WASHINGTON (CNS) — The president of the U.S. Conference of Catholic Bishops said he is grateful to Pope Francis for “his powerful, straightforward words” in “Gaudete et Exsultate (Rejoice and Be Glad),” his apostolic exhortation on “the call to holiness in today’s world.”
“Pope Francis is very clear,” said Cardinal Daniel N. DiNardo of Galveston-Houston. “He is doing his duty as the vicar of Christ, by strongly urging each and every Christian to freely, and without any qualifications, acknowledge and be open to what God wants them to be — that is ‘to be holy, as he is holy’ (1 Pt 1:15).
“The mission entrusted to each of us in the waters of baptism was simple — by God’s grace and power, we are called to become saints,” the cardinal added in a statement April 9, the day the Vatican released the document.
All Christians are called to be saints, not “plastic statues of saints,” the pope wrote, but real people who make time for prayer and who show loving care for others in the simplest gestures.
“Do not be afraid of holiness. It will take away none of your energy, vitality or joy,” the pope said in his apostolic exhortation, which he signed March 19, the feast of St. Joseph.
In a message to The Catholic Sun, Bishop Thomas J. Olmsted of Phoenix expressed his gratitude for the Holy Father’s document.
“I am grateful for Pope Francis’ exhortation to seek holiness by embracing God’s plan for our life,” said Bishop Olmsted. “Truly The Lord is our courage and our joy. I encourage everyone to read it and take it to heart.”
In his statement, Cardinal DiNardo said Pope Francis is calling each Christian to “acknowledge and be open to what God wants them to be.”
He said the words from the document that jumped out at him when he first read them were: “Do not be afraid of holiness.”
“In a way, each one of us has a fear of striving for holiness — a fear that we would be mocked, ignored, or even hated by others because we would stand out,” Cardinal DiNardo said in his statement. “Yet that is what the Lord has called each and every person to! Pope Francis calls us out: A Christian cannot think of his or her mission on earth without seeing it as a path of holiness, for ‘this is the will of God, your sanctification.’”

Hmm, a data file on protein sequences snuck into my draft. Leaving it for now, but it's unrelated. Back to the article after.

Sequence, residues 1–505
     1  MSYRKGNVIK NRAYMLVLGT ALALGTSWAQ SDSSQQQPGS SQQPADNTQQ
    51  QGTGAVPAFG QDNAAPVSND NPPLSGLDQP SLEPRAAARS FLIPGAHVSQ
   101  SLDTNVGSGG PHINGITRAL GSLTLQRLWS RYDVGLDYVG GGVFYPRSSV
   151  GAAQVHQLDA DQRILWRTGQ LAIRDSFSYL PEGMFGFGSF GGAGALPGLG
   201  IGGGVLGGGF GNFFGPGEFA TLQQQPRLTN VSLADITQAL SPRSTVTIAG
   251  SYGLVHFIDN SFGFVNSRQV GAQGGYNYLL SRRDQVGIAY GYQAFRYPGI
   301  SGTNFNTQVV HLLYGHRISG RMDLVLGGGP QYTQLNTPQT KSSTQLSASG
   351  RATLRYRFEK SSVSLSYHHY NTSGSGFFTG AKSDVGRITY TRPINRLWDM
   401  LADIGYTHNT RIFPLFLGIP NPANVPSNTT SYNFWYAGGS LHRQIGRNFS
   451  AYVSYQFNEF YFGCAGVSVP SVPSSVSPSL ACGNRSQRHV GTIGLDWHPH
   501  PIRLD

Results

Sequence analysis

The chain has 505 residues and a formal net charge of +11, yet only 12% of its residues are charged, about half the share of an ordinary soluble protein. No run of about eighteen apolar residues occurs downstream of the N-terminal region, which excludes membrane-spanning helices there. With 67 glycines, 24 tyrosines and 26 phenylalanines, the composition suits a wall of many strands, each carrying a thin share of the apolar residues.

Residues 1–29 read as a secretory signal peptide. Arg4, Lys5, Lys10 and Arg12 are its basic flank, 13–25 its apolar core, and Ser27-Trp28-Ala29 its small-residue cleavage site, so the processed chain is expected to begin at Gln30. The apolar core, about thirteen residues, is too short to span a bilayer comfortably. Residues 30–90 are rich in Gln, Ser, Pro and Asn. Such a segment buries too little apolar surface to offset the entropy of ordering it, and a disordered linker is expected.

Pope Francis “describes how holiness comes through the daily struggles each of us face,” the cardinal said. “In the ordinary course of each day, the pope reminds us, ‘We need to recognize and combat our aggressive and selfish inclinations, and not let them take root.’ Yet, he says, this ‘battle is sweet, for it allows us to rejoice each time the Lord triumphs in our lives.’”
Cardinal DiNardo also pointed in particular to a paragraph that discusses “the continuing need we have for civility in all our interactions, especially in the media.”
“‘Christians too,’ the Holy Father writes, ‘can be caught up in networks of verbal violence through the internet and the various forums of digital communication,’” the cardinal said, quoting from the exhortation. “This can be true even in Catholic media. Even in our heated disagreements with one another, we always need to remember that it is God who judges, not man (James 4:12).’”
The cardinal encouraged all Christians, in celebrating the joy of Easter and Christ’s resurrection, to “rekindle their baptismal call” by reading “Gaudete et Exsultate,” especially “the beautiful section on the beatitudes.”
By exploring the Eight Beatitudes and “offering examples of how to live out our call to holiness in everyday life, the Holy Father has given us a wonderful tool for renewing our love for God and for each other,” Cardinal DiNardo added.
Reaction to the pope’s new document from around the U.S. included a reflection from New Jersey Bishop David M. O’Connell of Trenton.
“The pope cautions the reader that this document ‘is not meant to be a treatise’ or an academic, doctrinal text,” the bishop said. “It is proposed and intended to be a personal, pastoral and practical invitation to each and every one of us in the Church to draw closer to the Lord Jesus Christ in our everyday lives.”